states that wearing of earrings while on duty interferes with the readiness of the fire
department because it prevents rapid donning of fire-fighting headgear. Also, the fire
department is considering another regulation that off-duty female firefighters may wear
only a “tasteful stud” earring, and that off-duty male firefighters may not wear any
earrings whatsoever. The fire department reasons that this latter requirement will
promote esprit de corps, as well as promote a professional image to the public. What
constitutional issues do these regulations raise?

16. The right of personal appearance by police officers was addressed in Kelley v. Johnson, where
the court held that police officers do not have a fundamental right to wear their hair long. The
court reasoned that although the government might not have the right to regulate the personal
appearance of private citizens, an exception for police officers existed. As such, the regulations of
a police officer’s personal appearance need only meet the “mere rationality” standard. A fire
fighter is probably indistinguishable from a police officer in this regard. Both professions involve
public service, high level of training, danger, and unique public trust. As such, the arguments of
Kelley appear to be applicable here. With regard to the wearing of earrings when on-duty, the
department’s interest in safety is clearly legitimate. Banning earrings on-duty is a rational way
to accomplish safety because of the delay that might ensue if the earring gets stuck on the
headgear, or the burn that might occur in a fire if the earring becomes too hot. With regard to the
off-duty regulation of earrings, it is harder to justify the rational relationship. For instance, it is
unlikely that a fire fighter must keep a certain appearance to be more visible to the public (as was
the case in Kelley). Also, it is doubtful that the public image of fire fighters relies much on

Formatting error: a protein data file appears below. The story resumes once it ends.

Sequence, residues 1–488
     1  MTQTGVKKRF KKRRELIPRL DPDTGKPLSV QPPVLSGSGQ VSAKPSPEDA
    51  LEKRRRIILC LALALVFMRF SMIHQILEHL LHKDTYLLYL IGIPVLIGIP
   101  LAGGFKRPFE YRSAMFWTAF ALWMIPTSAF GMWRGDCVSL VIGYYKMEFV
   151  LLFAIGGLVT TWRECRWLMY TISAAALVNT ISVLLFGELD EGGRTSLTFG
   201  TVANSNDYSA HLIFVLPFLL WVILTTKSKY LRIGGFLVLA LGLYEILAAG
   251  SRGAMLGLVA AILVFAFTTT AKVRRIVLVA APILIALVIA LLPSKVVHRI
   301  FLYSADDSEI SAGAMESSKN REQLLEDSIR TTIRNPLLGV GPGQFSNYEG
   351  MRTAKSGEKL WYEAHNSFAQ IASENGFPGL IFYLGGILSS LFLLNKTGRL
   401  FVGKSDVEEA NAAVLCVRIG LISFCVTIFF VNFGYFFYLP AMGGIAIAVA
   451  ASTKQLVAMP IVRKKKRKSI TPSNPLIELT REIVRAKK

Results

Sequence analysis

whether they wear an earring off-duty. However, it the department were to introduce credible
evidence to the contrary, it is likely that the Court would simply defer to their findings, and
uphold the regulation.

1. A local school enacts a “tracking” policy by which students that test above a certain
score on a standardized test, or maintain their GPA above a predetermined level, are
allowed to take advanced college prep classes, whereas all other students are required
to take remedial level courses. Does this policy pose a procedural due process problem
for a student who does not otherwise qualify for the advanced classes, yet still wishes to
take them?

1. Education, like welfare benefits in Kelly, is not a mere charity but a means to promote the
general welfare. It affects future education, and ultimately the ability to work. Thus, there would
be a “liberty” or “property” interest in education. Assuming that the state constitution has been
interpreted to provide a “fundamental” right of education, there would be a “legitimate claim of
entitlement” to education. Roth. Thus, this interest in education is strong enough to trigger
procedural due process under the 14th amendment. However, here the state is not denying
education to the non-qualifying children, it is merely denying them an advanced level of
education. So there would probably not be a procedural due process problem since there is no real
“taking” here. As a side note, there may be an equal protection problem if the program can be
shown to discriminate based on a forbidden classification.


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2. Andrew is arrested for shoplifting. He is not charged, but instead is released, and his
name is put on a police blotter list as being arrested for shoplifting. The list is published
in the local newspaper, and Andrew, who is a respected businessman, is greatly
embarrased. He maintains that he is innocent. Andrew brings a defamation action
against the city for having his name published as being a shoplifter. One of the grounds
of the suit is that publishing his name as a shoplifter, without conducting an evidentiary
hearing first, violated his procedural due process rights under the 14th amendment.
What is his likelihood of success on this count?

2. Negligible. Although the court in Roth indicated that damage to reputation may be a sufficient
infringment on a person’s “liberty” interest to trigger procedural due process protection, the
court has since stepped away from that view in Paul v. Davis. Thus, the damage to Andrew’s
reputation does not give rise to a cause of action for violation of due process.

3. What must the court consider in a procedural due process case when determining
what type of hearing is required before the state may “take” a person’s liberty or